You may be wondering why I’m doing this after only one episode. Perhaps maybe you think that I’m going to say its a terrible show from the get go and thus I’m writing this to warn you off. Well, that couldn’t be farther from the truth.


Rakugo Shinjuu takes place in what I can only surmise is somewhere within the last thirty years. It follows a young man named Yotaro, an ex-convict fresh out of jail. A Rakugo performer once performed at his prison and inspired him, causing Yotaro to seek out this performer and become his apprentice.

Rakugo is a form of storytelling that, as the show mentions, is falling out of favor. A single performer, always male, comes onto the stage, sits down, and begins to tell a story. This single performer acts out all of the characters in the story, all while remaining seated the whole time. Its sort of like a mix of stand-up comedy(Or in this case sit-down comedy.) and traditional theater.


I had no idea what to think when I first heard about this series. I saw a few images from it at first, and then I watched a review of it from Glass Reflections. That review ultimately convinced me to give it a shot because it was a bit unorthodox. It struck me as different than anything else that had come before it. And after watching the first episode, which runs an hour in length(This is also why I only needed one episode to write this. It was give or take the length of three creditless and commercialess episodes.), I saw all I needed too. And I’ve decided to continue watching it.


Prior to this I had never heard of Rakugo, and considering I don’t live in Japan, that makes complete sense. But now I want to know more. This series puts a lot of focus on the performances. The attention to detail is astounding. Not only that, but I actually laughed along with the crowd. I didn’t expect to laugh. I thought I was going to watch this and be bored, but I actually got into it and laughed. But then again I should have known better because I’m the kind of person who laughs more at situational humor rather than jokes. If someone walked into a wall, I would laugh. If a random baseball flew through a window and nailed someone in the face, I would fall out of my chair laughing. And while this is about stand-up performances, the Rakugo performers are telling stories and acting out these characters and I feel like I’m in the room with them. I can picture these scenes and the banter that’s going on and I’m laughing at it. Its not for everyone of course so your mileage may vary.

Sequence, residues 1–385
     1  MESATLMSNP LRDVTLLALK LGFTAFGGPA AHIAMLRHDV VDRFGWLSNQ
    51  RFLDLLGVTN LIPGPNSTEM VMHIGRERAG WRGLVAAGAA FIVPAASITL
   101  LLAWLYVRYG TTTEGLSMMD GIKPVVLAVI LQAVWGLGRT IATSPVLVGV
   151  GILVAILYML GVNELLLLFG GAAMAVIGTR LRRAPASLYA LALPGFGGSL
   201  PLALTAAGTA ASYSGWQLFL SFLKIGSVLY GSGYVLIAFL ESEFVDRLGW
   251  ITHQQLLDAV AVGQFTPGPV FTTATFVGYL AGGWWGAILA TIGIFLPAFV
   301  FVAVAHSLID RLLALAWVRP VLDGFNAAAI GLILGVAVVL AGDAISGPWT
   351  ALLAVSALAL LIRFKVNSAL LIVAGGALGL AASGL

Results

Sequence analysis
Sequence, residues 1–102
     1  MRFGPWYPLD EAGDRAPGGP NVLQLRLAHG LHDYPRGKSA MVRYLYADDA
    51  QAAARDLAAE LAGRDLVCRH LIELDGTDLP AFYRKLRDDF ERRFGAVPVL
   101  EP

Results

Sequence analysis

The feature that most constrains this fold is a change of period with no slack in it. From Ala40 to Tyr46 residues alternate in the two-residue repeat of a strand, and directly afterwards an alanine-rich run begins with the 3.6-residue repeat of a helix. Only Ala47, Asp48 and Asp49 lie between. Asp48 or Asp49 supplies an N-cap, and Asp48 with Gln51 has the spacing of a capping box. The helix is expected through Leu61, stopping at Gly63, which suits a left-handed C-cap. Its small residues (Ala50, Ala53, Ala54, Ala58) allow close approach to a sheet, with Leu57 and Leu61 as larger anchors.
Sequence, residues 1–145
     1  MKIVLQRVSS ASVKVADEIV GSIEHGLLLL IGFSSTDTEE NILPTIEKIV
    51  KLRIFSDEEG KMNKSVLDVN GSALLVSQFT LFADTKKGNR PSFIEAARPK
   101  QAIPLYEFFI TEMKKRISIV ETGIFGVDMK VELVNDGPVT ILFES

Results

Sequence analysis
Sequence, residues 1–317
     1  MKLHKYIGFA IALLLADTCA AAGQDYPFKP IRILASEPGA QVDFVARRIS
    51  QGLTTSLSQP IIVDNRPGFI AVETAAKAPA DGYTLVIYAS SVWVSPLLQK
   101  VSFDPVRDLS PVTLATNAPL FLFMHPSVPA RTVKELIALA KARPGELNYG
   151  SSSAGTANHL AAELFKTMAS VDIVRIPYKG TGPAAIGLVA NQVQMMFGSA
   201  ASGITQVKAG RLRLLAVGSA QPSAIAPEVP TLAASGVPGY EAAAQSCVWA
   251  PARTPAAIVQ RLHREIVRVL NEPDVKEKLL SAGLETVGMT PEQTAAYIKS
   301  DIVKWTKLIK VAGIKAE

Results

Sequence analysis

The Art


The art of Rakugo Shinjuu is pretty good all things considered. Its not mind-blowing like Kabaneri of the Iron Fortress, but it hits every note that it needs too. The characters are drawn sharply and distinctly, colors stand out, and the animation is fluid. A lot of attention is paid to the movements of the characters, right down to how their eyes and mouths look at certain points. And that is crucial to this because you’re watching a performance. All those subtle nuances need to be there and in this first episode alone they did pretty good at it. Obviously I have a whole cour left to watch, but I have high hopes.

The Sound

The soundtrack for this show is interesting. Parts of it sound like something you’d hear out of a film set on broadway, a showbiz kind of soundtrack. Then of course you get your standard affair soundtracks. And then, out of left field, you get traditional Japanese music, the kind of stuff that you would indeed expect to be playing at these ye olde style performances. It adds character and I’ve always loved that sound. All in all I wasn’t disappointed with it.



This is not a currently airing show so you don’t have to wait for the next episode. You can’t dig right in and keep going until its over. I highly recommend giving it a chance just like I have and if you like what you see, then great. If not, well then perhaps this isn’t your style. But it will expose you to something new regardless of how you walk away from it.


I have to give props to this story for featuring a conflict that you don’t see too often. I have no idea where it’ll go, but I feel I should mention it as it might pique some peoples interest.


In this show, there is a female character who loves Rakugo, and she is the daughter of a great Rakugo performer. However, Rakugo is viewed as a mans world. No women allowed. So she is forced to live with this fact that she will not be able to surpass her father no matter how good she is because the Rakugo culture forbids a woman from performing.

I could definitely see her eventually getting to perform, but obviously since I haven’t watched the rest yet I really can’t say. But I can say for certain that this series would be eaten alive by certain individuals because of this portrayal, no matter how rooted in fact it is. So it makes me wonder what will happen when this series eventually makes its debut in the North American market. As of right now, no one has licensed it, which I find a bit odd.